Let’s see how it goes….

Monday, January 16, 2012

Martin Luther King and Mark Driscoll

One of the questions I’ve been asking myself over the past few days is “Why am I getting my knickers in such a twist about the Mark Driscoll thing?”  I asked myself why I bothered to blog about it, why read more about what he said, follow up things on his website, feel upset etc. etc.  There are plenty of other people better equipped than me to comment, other people more nearly affected by it than me.  The chances of my life being seriously impacted by anything Driscoll says are vanishingly small aren’t they?  Aren’t they?

This is a bit of a perennial question for me: I do get churned up about things that I perceive to be unjust.  I get irritated by individual acts of injustice in those around me: someone who speaks sharply to a young person in a way they never would to an adult; someone who tells a slightly sexist or racist joke without thinking about it; someone who behaves badly so that others feel diminished.  When I’ve talked about this with trusted friends, they say “Just let it go.  Just because so-and-so has behaved badly doesn’t mean you should get all stressed and anxious about it”  or “It isn’t your battle, if Sue feels bad about what Edith said, it’s up to her to say so”.  It’s a very real question as well, because my response causes me a lot of stress, which some might argue is unnecessary – you could even make a scriptural case for “tomorrow having enough worries”. 

I think there’s some wisdom in what people are saying that I need to listen to carefully, but I also want to make a case for speaking up.  And explain myself a bit.  The quote below comes from a letter Martin Luther King wrote to the church leaders in Birmingham, Alabama.  They had criticised him for getting involved with non-violent direct action in a city they regarded as not his patch.  His detailed and measured response contains the following:

“All I'm saying is simply this, that all life is interrelated, that somehow we're caught in an inescapable network of mutuality tied in a single garment of destiny. Whatever affects one directly affects all indirectly. For some strange reason, I can never be what I ought to be until you are what you ought to be. You can never be what you ought to be until I am what I ought to be. This is the interrelated structure of reality.”

This is referring to something the Old Testament calls “Shalom”, which is usually translated as Peace, but which actually has a much wider and deeper meaning.  An important part of this meaning is that peace, health, wholeness cannot happen to the individual alone, but needs to be happening for all of us.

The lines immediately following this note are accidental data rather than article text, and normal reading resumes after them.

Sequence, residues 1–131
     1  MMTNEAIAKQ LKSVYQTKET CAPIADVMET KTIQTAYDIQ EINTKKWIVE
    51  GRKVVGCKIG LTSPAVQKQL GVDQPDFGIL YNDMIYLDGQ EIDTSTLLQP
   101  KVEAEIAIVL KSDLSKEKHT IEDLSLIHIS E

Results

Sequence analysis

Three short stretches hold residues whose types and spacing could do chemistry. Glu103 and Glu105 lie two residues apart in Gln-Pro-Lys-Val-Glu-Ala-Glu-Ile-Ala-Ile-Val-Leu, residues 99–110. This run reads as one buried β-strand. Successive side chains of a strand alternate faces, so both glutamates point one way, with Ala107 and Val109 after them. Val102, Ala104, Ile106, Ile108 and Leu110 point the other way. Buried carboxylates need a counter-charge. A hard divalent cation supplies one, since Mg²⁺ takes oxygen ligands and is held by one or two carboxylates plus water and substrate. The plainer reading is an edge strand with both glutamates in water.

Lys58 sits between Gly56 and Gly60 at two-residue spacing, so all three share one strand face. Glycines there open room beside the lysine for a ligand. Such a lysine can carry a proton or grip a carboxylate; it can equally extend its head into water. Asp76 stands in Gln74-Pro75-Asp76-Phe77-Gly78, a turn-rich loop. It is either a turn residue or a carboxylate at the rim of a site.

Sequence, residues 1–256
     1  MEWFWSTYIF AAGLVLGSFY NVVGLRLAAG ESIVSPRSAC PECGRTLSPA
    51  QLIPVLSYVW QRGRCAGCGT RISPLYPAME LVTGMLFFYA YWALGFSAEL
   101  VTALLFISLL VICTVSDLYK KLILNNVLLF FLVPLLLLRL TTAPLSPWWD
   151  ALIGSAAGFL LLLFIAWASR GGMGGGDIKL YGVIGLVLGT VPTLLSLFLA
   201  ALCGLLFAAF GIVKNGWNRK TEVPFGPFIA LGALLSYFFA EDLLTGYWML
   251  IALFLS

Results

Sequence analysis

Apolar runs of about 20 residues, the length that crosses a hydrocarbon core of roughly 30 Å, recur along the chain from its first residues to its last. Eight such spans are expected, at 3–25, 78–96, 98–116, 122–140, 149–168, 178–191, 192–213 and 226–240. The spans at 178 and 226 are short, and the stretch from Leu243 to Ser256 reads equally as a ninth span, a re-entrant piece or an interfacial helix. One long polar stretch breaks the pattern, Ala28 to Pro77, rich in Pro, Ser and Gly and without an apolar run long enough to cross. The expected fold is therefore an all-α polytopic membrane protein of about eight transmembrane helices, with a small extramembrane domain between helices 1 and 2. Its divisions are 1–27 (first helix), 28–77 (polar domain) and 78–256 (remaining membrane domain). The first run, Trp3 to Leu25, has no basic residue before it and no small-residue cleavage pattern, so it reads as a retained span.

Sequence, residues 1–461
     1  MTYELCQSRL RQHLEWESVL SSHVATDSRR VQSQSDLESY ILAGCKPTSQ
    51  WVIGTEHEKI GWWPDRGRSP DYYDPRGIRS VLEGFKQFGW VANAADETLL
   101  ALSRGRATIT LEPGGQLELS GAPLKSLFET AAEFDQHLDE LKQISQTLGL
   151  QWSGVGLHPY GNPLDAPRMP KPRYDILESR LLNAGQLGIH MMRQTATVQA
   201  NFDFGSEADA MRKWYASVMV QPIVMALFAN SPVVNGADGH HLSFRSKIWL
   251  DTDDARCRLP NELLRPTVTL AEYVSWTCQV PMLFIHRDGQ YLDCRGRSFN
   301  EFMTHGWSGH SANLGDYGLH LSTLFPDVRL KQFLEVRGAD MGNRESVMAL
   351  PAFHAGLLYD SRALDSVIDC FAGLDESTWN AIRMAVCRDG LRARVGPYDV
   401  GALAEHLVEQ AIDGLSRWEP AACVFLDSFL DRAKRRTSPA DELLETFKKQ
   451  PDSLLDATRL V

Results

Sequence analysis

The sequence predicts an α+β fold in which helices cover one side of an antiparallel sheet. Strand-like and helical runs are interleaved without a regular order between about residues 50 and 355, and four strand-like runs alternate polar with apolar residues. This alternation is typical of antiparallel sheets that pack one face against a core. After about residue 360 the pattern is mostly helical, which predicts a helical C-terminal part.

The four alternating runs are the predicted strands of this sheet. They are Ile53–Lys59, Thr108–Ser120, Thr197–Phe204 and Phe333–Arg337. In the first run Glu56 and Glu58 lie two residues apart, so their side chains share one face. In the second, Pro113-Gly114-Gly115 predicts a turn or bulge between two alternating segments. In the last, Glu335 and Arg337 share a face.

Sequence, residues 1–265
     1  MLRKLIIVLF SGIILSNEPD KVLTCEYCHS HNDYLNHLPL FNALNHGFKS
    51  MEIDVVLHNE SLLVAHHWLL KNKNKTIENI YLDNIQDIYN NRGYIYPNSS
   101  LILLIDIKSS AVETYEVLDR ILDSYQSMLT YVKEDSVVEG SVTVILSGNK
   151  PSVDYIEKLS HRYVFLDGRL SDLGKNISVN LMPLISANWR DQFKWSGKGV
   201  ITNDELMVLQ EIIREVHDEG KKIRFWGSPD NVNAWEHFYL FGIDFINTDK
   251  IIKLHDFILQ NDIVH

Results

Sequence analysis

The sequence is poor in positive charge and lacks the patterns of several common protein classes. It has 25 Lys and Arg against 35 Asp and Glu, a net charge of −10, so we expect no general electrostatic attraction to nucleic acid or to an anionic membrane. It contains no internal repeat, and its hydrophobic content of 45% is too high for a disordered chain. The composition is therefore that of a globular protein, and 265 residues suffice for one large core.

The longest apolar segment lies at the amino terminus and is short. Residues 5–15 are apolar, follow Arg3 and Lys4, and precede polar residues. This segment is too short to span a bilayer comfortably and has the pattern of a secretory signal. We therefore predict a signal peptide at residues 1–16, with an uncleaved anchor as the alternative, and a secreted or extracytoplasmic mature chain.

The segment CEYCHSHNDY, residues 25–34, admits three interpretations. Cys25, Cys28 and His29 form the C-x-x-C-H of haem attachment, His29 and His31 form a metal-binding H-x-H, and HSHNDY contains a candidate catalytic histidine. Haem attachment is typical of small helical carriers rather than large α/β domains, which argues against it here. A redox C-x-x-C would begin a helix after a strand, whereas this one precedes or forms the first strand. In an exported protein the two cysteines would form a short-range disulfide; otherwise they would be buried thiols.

For me, this means that while one American Christian sister feels unable to use gifts that God has given her because she is oppressed by those around her, I cannot be all I can be, and neither can any of us.  I know I can’t fix everything, and I know I have a lot to learn about graciousness and love when speaking up, but keeping silent isn’t always the same as keeping the peace.  Jeremiah 6 addresses the oppressive practices of Jerusalem and declares God’s wrath against it.  Verse 14 says this: “They dress the wound of my people as though it were not serious.  'Peace, peace,' they say, when there is no peace.”  Interestingly, the King James Version refers not to “the wounds of my people” but to “the hurt of the daughter of my people”. 

It wasn’t comfortable being an Old Testament prophet, and Jesus made himself extremely unpopular when he spoke up, but if God has put some Holy Discontent within me, keeping silent isn’t an option.

Saturday, January 14, 2012

I don't really like doing this....

...because I hesitate to give attention to someone I disagree so profoundly with but I'm glad it's provoking some debate on some issues close to my heart.

Krish Kandiah has made a response to the Driscoll furore here:


But this comment from Jenny Baker to Krish really makes me shout Yay!

I wonder if the reason this has touched a nerve for you, Krish, is because it’s so close to home. After all you are a gifted bible teacher from the UK, who speaks in many different contexts. So in dismissing all British Bible teachers, Driscoll is dismissing your gifts, calling and to some extent your identity. I wonder then if this experience can help you understand better why women like me respond in a similar way to complementarians who say that we should not be leading and speaking and thus dismiss our gifts, calling and identity. I’m interested that you’re prepared to make a stand and call out someone like Driscoll for his comments about British bible teachers, and you’re not prepared to do the same for his and others’ comments on women in leadership.